NATO aspirations are troubled and possibly not on the table for Kiev at this time. Putin has admitted that Ukraine flirtation with NATO membership was the reason Moscow annexed Crimea last month.  Ukraine membership in NATO is the threshold Moscow is willing to cross and risk relations with the West in order to prevent Kiev from taking any further steps in that direction.

Poroshenko will have to delink NATO and EU membership and pursue EU membership only in order to make any headway in resolving the Moscow fermented instability in Ukraine. The process of examining EU and NATO membership in isolation will give Kiev a greater opportunity to end the crisis in the eastern districts and to implement other democratic institution building measures.

The West will have to come to understand that Ukraine can’t “have it all” at this time, meaning both EU and NATO membership. It’s naive to believe that Kiev can simply ignore the elephant in the neighborhood and that elephant’s capacity and desire to keep Kiev at arm’s length from Western powers.

Additionally, Ukraine needs a responsible and measured response from the West as Poroshenko navigates a very complex path from the kleptocracy which was Yanukovich’s government to a functioning democracy.  Ukraine needs thoughtful and mature engagement from the West, especially Washington, not hashtag diplomacy and unrealistic immediate expectations from Kiev.

Despite these challenges Poroshenko is a challenge for Putin and will remain a force to negotiate with, not only for the situation in Ukraine but Russia as well. Putin’s vision and Russia’s future place in the community of nations now lies as much in Kiev as it does in Moscow.





Turkey’s Constitutional Court, in a 14-2 decision, ruled the government ban on You Tube in March is unconstitutional. This ban came on the heels of taking down Twitter throughout Turkey. These actions were on the orders from Prime Minister Recep Tyyip Erdogan and his apparent ongoing battle with modernity.

Erdogan is anticipated to run for President this August, in the first popular election for that office, and he has been tailoring his policies to a successful conclusion from banning public protests to restricting internet access.

The release of several recordings purportedly to be of Erdogan discussing everything from the arrest of former government Ministers to recent actions against Syria surfaced on You Tube causing his unilateral action of shutting down the site in Turkey.  Likewise, Twitter came into his sites as he stated ” Twitter disgraces our nation and morals.”  This ban announced after several other recordings surfaced on Twitter allegedly of Erdogan as well as Twitter being used to organize anti-governemnet protests.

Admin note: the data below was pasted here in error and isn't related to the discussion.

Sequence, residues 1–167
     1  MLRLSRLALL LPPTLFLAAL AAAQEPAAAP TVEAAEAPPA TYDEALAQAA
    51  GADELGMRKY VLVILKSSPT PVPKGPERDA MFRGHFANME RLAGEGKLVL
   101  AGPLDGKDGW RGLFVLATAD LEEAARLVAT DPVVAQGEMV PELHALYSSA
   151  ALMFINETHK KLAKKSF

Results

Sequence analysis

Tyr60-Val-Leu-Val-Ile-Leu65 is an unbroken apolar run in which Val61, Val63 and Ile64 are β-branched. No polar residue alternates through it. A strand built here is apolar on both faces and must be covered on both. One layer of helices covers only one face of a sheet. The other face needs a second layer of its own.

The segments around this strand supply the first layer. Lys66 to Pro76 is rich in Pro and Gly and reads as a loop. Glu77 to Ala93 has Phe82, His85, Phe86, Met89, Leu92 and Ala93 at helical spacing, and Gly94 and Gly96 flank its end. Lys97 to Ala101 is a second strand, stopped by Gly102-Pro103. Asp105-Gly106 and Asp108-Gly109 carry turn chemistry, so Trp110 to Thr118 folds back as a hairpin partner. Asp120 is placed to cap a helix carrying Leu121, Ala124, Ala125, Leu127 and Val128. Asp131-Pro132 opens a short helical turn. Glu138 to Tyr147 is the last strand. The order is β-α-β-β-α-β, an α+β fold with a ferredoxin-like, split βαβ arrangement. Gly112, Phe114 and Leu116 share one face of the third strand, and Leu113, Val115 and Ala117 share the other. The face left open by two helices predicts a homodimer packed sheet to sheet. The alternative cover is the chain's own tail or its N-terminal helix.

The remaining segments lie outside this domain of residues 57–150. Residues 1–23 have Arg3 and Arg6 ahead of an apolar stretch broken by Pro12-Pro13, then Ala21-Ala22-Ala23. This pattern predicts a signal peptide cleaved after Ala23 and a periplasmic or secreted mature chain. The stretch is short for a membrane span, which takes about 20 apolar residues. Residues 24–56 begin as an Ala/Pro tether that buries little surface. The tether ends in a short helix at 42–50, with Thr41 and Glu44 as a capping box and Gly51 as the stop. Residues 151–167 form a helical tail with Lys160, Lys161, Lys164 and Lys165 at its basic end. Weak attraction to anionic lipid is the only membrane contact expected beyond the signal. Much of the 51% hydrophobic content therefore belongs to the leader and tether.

Yesterday’s high court decision in Ankara once again places the judiciary at odds with the Prime Minister who has vowed to “clean up the judicial branch from foreign elements.”

Meanwhile in a separate but not unrelated event, the European Court of Justice has compelled Google (parent company of You Tube) to take action on what has come to be termed “the right to be forgotten” by instituting a process to remove outdated and/or damaging information. This landmark ruling is destined to change the way privacy laws are now implemented regarding the storage and display of data though unclear how a massive undertaking such as this will eventually play out.

There is little doubt that Erdogan will attempt to use this latest court ruling in his favor in order to continue his ban on social media and freedom of speech writ large. This comes as no surprise as the rule of law in Turkey has been bent and shaped by the government for personal gain and political expediency during the later years of Erdogan’s rule.

Turkey was once held up as an example of blending both Islam and democracy into a viable state model but it is quickly degenerating into an informational black hole for its citizens who clamor for the basic right to express their thoughts without government interference.